The Great Before is filled with souls that look like blue mushrooms and talk like little kids.  Shepherding the souls are Counselors, all of whom are named “Jerry” and look like Picasso line drawings.  One of the Jerry’s (Alice Braga) explains that in the Great Before, souls receive six  aspects of their personality from the Experience Pavilion.  Once each soul has a complete personality and a “spark”, they jump through the Earth Portal to become born.  (Assigning the personality traits is apparently a random act, which is a clever way of explaining how every person we meet is so unique.)  After trying unsuccessfully to jump down to Earth, Joe goes along with the misconception he’s a Mentor. Mentor’s are assigned a soul and help it to find its spark.

The spark could be something from the Hall of Everything, which is exactly as it sounds.  Your spark could come from archery, photography, baking, etc. Alternatively, the spark could come from the Hall of You, which serves as a visual museum of inspiring events from the Mentor’s life. Joe realizes that if he can help get a soul its spark, he can steal it and use that to return to Earth.  Unfortunately for Joe, he’s paired with 22, a soul unimpressed by everything and everyone.   (There’s a funny montage where the likes of Mother Teresa, Copernicus, Muhammad Ali and Marie Antoinette all express their frustration with 22.)  22 is content to hang out in the Great Before, causing mischief like tormenting the New York Knicks.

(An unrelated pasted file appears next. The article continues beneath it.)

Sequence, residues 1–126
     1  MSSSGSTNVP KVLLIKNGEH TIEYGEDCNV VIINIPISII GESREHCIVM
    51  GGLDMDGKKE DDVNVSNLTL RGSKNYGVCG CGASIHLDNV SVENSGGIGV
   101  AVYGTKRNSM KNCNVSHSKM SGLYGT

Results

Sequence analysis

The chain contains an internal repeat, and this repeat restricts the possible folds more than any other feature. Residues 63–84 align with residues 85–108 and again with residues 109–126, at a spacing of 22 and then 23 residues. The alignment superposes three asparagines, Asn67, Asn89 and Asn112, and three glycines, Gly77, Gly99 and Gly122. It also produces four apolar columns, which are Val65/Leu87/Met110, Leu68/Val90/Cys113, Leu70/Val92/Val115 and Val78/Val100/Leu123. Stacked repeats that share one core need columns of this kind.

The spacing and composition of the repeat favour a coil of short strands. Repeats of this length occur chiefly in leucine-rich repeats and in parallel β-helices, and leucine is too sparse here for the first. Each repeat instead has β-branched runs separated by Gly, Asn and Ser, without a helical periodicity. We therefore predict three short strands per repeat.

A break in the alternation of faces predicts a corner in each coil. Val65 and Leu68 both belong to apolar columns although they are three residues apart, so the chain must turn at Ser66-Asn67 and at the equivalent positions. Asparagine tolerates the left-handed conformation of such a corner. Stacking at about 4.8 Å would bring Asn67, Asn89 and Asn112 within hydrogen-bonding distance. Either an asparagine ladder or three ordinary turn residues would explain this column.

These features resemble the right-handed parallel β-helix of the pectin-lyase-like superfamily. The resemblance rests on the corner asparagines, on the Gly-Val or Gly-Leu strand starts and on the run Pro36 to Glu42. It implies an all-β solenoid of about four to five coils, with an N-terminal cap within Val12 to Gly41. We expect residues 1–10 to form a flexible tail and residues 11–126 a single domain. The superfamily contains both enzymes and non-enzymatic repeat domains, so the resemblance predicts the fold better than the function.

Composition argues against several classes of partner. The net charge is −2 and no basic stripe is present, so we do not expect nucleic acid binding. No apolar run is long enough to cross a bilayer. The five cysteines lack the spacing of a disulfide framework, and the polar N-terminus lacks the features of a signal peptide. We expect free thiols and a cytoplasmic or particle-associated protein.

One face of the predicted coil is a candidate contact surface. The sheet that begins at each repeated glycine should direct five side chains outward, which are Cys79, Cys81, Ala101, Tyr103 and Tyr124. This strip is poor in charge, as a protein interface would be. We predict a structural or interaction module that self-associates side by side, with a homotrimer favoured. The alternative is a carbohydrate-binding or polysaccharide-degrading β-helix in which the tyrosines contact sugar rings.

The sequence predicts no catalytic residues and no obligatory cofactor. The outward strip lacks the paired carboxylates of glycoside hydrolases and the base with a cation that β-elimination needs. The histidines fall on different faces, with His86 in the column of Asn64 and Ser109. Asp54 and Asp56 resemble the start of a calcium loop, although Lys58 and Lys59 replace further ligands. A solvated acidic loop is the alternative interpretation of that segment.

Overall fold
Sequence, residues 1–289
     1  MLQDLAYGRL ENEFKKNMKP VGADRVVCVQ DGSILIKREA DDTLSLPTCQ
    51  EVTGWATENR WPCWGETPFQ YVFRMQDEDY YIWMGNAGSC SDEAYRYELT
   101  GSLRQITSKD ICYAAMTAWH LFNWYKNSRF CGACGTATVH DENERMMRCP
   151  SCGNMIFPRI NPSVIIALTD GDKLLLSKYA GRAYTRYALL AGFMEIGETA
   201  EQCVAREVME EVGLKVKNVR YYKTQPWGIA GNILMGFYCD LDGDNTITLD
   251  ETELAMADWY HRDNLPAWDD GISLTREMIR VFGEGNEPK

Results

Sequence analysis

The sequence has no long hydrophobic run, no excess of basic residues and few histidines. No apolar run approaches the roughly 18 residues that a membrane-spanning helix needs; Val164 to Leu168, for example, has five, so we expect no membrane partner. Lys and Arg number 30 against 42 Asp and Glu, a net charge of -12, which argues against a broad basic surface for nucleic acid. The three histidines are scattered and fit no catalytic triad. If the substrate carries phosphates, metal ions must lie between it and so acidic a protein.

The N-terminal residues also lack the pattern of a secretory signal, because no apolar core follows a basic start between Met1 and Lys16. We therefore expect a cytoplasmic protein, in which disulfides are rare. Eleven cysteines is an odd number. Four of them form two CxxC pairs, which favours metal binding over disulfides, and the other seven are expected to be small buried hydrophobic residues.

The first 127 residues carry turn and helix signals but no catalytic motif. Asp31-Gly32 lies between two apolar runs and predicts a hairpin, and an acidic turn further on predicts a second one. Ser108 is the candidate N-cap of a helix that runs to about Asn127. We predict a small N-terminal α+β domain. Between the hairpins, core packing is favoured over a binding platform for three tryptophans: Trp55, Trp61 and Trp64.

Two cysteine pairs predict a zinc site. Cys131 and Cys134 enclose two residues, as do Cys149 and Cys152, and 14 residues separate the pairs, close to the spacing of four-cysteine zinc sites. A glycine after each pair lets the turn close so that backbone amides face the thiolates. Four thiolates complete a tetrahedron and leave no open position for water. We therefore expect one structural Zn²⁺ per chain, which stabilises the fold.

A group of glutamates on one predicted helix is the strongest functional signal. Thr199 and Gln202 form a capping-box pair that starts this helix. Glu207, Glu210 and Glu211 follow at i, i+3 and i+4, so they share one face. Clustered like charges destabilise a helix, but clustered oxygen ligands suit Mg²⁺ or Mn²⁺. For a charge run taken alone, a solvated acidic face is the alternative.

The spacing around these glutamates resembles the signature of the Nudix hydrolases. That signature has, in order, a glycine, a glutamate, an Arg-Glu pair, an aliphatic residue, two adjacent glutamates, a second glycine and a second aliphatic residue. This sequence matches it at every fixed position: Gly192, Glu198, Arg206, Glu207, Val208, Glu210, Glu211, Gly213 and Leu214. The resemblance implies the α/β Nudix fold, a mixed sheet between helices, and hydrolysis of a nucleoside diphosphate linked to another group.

22 is drawn with buck teeth and rosy cheeks, like a supernatural Dennis the Menace.  As voiced by Tina Fey, the character has her trademark snarky delivery and glib sarcasm.  As a character, 22 is a preternatural underachiever, or spiritual slacker.  She’s content to remain at Great Before forever because she’s not convinced going to Earth is worth the trouble.  When Joe see’s his own life in the Hall of You, he’s convinced his life was meaningless.  Desperate to get back to Earth so he doesn’t miss his gig, Joe tries numerous things in the Hall of Everything, but nothing sparks 22.

22 decides to help Joe reunite with his body, and takes him to the zone, the place between the physical and spiritual.  There, 22 introduces Joe to Moonwind Stardancer (Graham Norton is hilarious) and his band of mystics.  They make it possible for Joe to reconnect with his body, but he is impatient and his reunification does not go as planned.  Joe’s soul winds up in a therapy cat, while 22 lands in Joe’s body.  

Thirty minutes in, I could tell Soul has a lot on its mind.  It covers a lot of ground very quickly,  touching on the afterlife, the prelife, personality, sparks, the zone and lost souls.  Generally speaking, Soul is careful rumination on the essence of being, what it means to be a person, what it means to be alive.  I found the way Soul represented these complex and esoteric concepts very interesting and disarming.  Four young kids though, those first thirty minutes may seem interminable, a lot of pretty pictures but all talk and no action.